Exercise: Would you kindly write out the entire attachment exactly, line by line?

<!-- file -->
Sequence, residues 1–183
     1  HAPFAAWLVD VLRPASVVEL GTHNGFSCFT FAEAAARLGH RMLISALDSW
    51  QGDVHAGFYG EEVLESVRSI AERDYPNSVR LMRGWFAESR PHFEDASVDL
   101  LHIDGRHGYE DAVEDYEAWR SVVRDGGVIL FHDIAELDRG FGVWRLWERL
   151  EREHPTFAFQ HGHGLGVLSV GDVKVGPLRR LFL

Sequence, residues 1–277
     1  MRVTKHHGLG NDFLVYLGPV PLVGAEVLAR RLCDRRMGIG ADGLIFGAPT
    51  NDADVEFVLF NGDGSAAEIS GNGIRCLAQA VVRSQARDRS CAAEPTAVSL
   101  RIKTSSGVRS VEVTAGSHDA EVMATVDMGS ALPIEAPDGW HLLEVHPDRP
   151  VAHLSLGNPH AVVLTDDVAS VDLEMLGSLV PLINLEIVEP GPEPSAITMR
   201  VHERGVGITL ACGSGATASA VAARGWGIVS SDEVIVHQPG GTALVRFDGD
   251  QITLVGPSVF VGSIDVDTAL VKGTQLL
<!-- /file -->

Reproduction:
Sequence, residues 1–183
     1  HAPFAAWLVD VLRPASVVEL GTHNGFSCFT FAEAAARLGH RMLISALDSW
    51  QGDVHAGFYG EEVLESVRSI AERDYPNSVR LMRGWFAESR PHFEDASVDL
   101  LHIDGRHGYE DAVEDYEAWR SVVRDGGVIL FHDIAELDRG FGVWRLWERL
   151  EREHPTFAFQ HGHGLGVLSV GDVKVGPLRR LFL

Sequence, residues 1–277
     1  MRVTKHHGLG NDFLVYLGPV PLVGAEVLAR RLCDRRMGIG ADGLIFGAPT
    51  NDADVEFVLF NGDGSAAEIS GNGIRCLAQA VVRSQARDRS CAAEPTAVSL
   101  RIKTSSGVRS VEVTAGSHDA EVMATVDMGS ALPIEAPDGW HLLEVHPDRP
   151  VAHLSLGNPH AVVLTDDVAS VDLEMLGSLV PLINLEIVEP GPEPSAITMR
   201  VHERGVGITL ACGSGATASA VAARGWGIVS SDEVIVHQPG GTALVRFDGD
   251  QITLVGPSVF VGSIDVDTAL VKGTQLL